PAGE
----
Soils of Russia

Russia is a huge country, its territory stretched for several thousand kilometers. It has several time zones, several climatic zones and several dozen subspecies of soils.

In the very north, in the zone of polar deserts and semi-deserts, ARCTIC SOILS are common. They have a poorly expressed soil profile, and soil processes in them are practically not expressed. The almost complete absence of vegetation does not allow the formation of humus. The humus horizon has a weak thickness of about 1 cm.

TUNDRA GEL SOILS or tundra gleems are formed in the tundra. Their formation is characterized by the same factors as for Arctic soils - a short period of active soil formation, low temperatures and permafrost. The permafrost underlying the soil horizon prevents the penetration of moisture, so tundra glue soils are always waterlogged. With constant waterlogging and lack of oxygen in the soil, iron compounds undergo a recovery process - gleying. Glue (ferrous form of iron) gives the soil a greenish and bluish-gray hue.

When moving south in the zone of coniferous and mixed forests of the East European and West Siberian plains with excessive moisture, podzolic soils are formed. They occupy more than 1/2 of the area of Russia. These soils are characterized by a podzol formation process and an acid reaction, which is unfavorable for growing agricultural plants. As a result of scanty vegetation in the coniferous forests of the taiga zone, humus forms little. Good drainage quickly flushes it, so podzolic soils have low fertility - the humus content in them is rarely more than 2% or not less than 10 centimeters of the humus layer.

In the zone of northern taiga, GLEEZODZOLIC SOILS are common; they form in drained areas with taiga mosses, lichens and coniferous shrub forests. In the upper horizons of the soils, gleying takes place; they have a strongly acid reaction. The humus content ranges from 2 to 4% of about 11-12 centimeters of the humus layer.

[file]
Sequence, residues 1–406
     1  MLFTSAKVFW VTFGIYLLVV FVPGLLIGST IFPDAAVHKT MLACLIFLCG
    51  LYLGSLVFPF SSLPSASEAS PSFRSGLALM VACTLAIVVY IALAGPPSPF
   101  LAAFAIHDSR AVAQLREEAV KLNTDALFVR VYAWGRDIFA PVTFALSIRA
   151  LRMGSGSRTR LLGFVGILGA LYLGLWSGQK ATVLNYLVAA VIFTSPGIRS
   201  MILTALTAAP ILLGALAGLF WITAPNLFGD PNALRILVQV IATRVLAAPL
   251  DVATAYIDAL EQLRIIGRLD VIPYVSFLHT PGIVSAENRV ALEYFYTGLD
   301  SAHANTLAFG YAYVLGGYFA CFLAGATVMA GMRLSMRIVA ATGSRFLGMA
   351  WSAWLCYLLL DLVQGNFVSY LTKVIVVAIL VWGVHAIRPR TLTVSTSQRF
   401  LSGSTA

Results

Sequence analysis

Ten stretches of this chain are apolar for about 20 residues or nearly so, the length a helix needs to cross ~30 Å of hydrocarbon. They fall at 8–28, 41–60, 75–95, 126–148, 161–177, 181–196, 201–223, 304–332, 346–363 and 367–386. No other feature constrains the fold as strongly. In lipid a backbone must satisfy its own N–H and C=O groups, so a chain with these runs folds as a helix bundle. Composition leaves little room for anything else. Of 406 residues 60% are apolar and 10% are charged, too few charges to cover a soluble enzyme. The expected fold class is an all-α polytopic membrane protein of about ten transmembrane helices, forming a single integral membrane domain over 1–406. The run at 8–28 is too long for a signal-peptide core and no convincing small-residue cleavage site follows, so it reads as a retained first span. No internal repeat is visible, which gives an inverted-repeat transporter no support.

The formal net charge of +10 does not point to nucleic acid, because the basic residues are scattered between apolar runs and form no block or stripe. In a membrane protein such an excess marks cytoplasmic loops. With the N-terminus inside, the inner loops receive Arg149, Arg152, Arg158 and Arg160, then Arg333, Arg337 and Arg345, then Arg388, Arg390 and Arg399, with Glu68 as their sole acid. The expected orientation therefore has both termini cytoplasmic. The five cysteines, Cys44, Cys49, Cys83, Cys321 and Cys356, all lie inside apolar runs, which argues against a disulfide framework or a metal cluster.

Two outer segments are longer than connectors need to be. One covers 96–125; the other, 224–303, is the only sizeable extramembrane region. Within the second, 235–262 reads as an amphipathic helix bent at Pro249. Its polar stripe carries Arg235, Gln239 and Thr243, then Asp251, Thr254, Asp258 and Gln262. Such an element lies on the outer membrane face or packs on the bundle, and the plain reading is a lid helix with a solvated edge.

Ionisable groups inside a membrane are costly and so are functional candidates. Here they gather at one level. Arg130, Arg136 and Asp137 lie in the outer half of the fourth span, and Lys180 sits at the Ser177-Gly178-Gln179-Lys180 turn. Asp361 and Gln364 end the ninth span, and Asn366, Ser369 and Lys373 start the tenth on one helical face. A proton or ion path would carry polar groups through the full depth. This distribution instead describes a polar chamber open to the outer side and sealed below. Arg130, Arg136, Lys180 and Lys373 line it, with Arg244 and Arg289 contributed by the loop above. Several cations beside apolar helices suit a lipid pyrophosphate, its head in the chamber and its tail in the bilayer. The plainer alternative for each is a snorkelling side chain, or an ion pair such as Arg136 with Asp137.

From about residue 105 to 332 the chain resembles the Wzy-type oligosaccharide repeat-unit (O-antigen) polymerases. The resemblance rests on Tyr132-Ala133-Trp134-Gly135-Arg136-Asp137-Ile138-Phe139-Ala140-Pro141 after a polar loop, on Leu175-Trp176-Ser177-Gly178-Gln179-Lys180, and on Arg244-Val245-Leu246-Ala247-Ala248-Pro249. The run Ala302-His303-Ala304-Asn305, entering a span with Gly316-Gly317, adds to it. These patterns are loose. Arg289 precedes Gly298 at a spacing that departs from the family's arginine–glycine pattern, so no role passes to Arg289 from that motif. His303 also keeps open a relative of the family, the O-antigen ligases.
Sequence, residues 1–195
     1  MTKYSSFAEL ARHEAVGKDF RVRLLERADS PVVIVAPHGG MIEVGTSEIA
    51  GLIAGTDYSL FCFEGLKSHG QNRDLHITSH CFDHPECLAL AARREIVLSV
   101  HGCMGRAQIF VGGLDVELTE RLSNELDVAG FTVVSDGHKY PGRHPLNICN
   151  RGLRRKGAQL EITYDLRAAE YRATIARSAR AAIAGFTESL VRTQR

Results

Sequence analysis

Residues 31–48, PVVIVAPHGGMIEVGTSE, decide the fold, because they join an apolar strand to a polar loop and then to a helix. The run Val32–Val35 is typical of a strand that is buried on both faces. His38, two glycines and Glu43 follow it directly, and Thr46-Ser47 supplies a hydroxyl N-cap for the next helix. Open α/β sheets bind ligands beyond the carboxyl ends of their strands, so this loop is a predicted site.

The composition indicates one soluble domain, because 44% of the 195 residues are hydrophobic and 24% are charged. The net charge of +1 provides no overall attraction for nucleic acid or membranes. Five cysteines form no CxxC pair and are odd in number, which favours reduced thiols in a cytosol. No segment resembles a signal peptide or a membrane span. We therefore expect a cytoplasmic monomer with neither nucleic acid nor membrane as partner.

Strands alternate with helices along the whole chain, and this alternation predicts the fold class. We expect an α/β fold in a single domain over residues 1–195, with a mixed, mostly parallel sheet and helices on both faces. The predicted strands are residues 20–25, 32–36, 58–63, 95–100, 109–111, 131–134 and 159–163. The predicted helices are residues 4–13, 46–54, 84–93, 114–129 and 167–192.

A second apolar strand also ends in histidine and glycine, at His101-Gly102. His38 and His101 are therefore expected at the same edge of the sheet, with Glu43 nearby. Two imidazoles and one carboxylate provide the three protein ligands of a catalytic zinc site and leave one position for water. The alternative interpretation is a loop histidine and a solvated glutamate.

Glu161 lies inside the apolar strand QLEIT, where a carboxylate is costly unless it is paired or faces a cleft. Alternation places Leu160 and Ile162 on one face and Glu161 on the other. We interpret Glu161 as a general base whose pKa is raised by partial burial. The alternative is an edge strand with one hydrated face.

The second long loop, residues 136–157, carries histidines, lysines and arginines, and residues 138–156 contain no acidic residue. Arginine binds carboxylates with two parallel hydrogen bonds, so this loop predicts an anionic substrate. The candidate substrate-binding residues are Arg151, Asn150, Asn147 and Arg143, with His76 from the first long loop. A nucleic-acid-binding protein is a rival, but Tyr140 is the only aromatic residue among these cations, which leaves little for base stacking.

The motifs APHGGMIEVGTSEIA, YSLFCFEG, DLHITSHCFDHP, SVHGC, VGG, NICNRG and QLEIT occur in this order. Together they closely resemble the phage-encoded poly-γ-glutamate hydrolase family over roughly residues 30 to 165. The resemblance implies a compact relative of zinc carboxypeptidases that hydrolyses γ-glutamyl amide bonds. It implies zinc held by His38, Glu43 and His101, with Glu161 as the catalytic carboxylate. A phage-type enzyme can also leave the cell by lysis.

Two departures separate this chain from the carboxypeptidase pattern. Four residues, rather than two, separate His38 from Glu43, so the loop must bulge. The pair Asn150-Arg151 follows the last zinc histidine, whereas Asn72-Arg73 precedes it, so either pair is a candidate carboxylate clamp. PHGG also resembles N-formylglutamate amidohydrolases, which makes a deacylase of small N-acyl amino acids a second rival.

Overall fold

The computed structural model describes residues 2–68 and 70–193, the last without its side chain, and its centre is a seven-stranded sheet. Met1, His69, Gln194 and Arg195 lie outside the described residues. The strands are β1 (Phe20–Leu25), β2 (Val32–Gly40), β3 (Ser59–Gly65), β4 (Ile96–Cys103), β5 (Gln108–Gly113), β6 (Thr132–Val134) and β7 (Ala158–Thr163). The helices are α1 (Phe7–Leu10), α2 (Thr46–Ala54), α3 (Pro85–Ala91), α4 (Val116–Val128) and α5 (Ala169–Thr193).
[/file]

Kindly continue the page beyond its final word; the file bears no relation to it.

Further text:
Under mixed coniferous-deciduous forests is the formation of SODIUM-DODZOLE SOILS. In these areas, the sums of active temperatures increase, and deciduous trees introduce more plant fall into the soil. Humus leaching is not as intense as in podzolic soils, and the presence of developed grass cover leads to the formation of sod in the upper part of the humus horizon. The humus horizon, in comparison with the podzolic, has a less acid reaction and is more saturated with bases. In the Far East and Eastern Siberia, where the continental climate increases sharply, permafrost-taiga soils are formed. The soil profile is poorly differentiated into horizons, humus is light in color, its content rises to 6–7%, and is characterized by an increased iron content of 12–13 centimeters of the humus layer.

In a continental climate with moderate moisture, GRAY FOREST SOIL form under deciduous forests with grass cover. They are characterized by periodically flushing water regime. They occupy a transitional position between sod-podzolic soils and chernozems. The humus content in them increases to 3–7% in northern light gray soils, 4–9% in gray forest soils, 6–12% in southern dark gray forest soils. The thickness of the humus horizon is 15–25 cm, 25–50 cm, and up to and 50 cm, respectively.